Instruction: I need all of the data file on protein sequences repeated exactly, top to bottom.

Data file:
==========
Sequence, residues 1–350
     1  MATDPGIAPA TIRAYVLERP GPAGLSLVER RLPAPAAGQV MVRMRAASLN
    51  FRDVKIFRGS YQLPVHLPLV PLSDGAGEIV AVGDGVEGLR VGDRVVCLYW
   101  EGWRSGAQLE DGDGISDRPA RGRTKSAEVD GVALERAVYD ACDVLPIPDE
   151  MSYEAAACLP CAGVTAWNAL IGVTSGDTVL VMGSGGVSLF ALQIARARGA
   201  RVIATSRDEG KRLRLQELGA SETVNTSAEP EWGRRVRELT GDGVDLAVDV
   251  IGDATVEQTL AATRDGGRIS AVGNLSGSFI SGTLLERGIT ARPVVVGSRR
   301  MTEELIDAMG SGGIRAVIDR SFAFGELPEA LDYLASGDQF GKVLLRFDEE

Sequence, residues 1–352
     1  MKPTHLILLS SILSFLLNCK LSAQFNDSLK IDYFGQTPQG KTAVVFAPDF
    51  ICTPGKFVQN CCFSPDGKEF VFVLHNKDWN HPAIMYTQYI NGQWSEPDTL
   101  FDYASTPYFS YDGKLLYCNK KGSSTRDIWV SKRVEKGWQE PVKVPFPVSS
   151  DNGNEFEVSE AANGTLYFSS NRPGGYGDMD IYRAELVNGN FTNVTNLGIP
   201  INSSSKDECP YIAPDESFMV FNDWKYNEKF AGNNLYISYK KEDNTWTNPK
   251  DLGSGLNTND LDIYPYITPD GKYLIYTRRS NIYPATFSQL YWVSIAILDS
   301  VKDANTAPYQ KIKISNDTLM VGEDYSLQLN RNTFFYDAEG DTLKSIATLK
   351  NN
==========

Sequence, residues 1–350
     1  MATDPGIAPA TIRAYVLERP GPAGLSLVER RLPAPAAGQV MVRMRAASLN
    51  FRDVKIFRGS YQLPVHLPLV PLSDGAGEIV AVGDGVEGLR VGDRVVCLYW
   101  EGWRSGAQLE DGDGISDRPA RGRTKSAEVD GVALERAVYD ACDVLPIPDE
   151  MSYEAAACLP CAGVTAWNAL IGVTSGDTVL VMGSGGVSLF ALQIARARGA
   201  RVIATSRDEG KRLRLQELGA SETVNTSAEP EWGRRVRELT GDGVDLAVDV
   251  IGDATVEQTL AATRDGGRIS AVGNLSGSFI SGTLLERGIT ARPVVVGSRR
   301  MTEELIDAMG SGGIRAVIDR SFAFGELPEA LDYLASGDQF GKVLLRFDEE

Sequence, residues 1–352
     1  MKPTHLILLS SILSFLLNCK LSAQFNDSLK IDYFGQTPQG KTAVVFAPDF
    51  ICTPGKFVQN CCFSPDGKEF VFVLHNKDWN HPAIMYTQYI NGQWSEPDTL
   101  FDYASTPYFS YDGKLLYCNK KGSSTRDIWV SKRVEKGWQE PVKVPFPVSS
   151  DNGNEFEVSE AANGTLYFSS NRPGGYGDMD IYRAELVNGN FTNVTNLGIP
   201  INSSSKDECP YIAPDESFMV FNDWKYNEKF AGNNLYISYK KEDNTWTNPK
   251  DLGSGLNTND LDIYPYITPD GKYLIYTRRS NIYPATFSQL YWVSIAILDS
   301  VKDANTAPYQ KIKISNDTLM VGEDYSLQLN RNTFFYDAEG DTLKSIATLK
   351  NN